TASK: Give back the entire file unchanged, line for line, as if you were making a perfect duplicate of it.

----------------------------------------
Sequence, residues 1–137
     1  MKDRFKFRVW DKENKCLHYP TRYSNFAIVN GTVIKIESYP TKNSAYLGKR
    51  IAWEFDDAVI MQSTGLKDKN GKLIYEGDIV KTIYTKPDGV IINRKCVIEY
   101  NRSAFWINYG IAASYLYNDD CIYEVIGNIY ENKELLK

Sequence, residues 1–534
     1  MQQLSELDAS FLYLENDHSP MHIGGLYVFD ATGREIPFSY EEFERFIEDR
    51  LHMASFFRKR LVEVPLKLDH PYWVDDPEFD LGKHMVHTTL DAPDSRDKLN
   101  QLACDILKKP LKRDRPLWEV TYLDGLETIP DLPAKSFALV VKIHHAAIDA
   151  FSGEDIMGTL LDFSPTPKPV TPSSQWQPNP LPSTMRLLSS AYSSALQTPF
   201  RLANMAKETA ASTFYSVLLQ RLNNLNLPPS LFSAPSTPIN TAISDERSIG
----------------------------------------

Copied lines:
Sequence, residues 1–137
     1  MKDRFKFRVW DKENKCLHYP TRYSNFAIVN GTVIKIESYP TKNSAYLGKR
    51  IAWEFDDAVI MQSTGLKDKN GKLIYEGDIV KTIYTKPDGV IINRKCVIEY
   101  NRSAFWINYG IAASYLYNDD CIYEVIGNIY ENKELLK

Sequence, residues 1–534
     1  MQQLSELDAS FLYLENDHSP MHIGGLYVFD ATGREIPFSY EEFERFIEDR
    51  LHMASFFRKR LVEVPLKLDH PYWVDDPEFD LGKHMVHTTL DAPDSRDKLN
   101  QLACDILKKP LKRDRPLWEV TYLDGLETIP DLPAKSFALV VKIHHAAIDA
   151  FSGEDIMGTL LDFSPTPKPV TPSSQWQPNP LPSTMRLLSS AYSSALQTPF
   201  RLANMAKETA ASTFYSVLLQ RLNNLNLPPS LFSAPSTPIN TAISDERSIG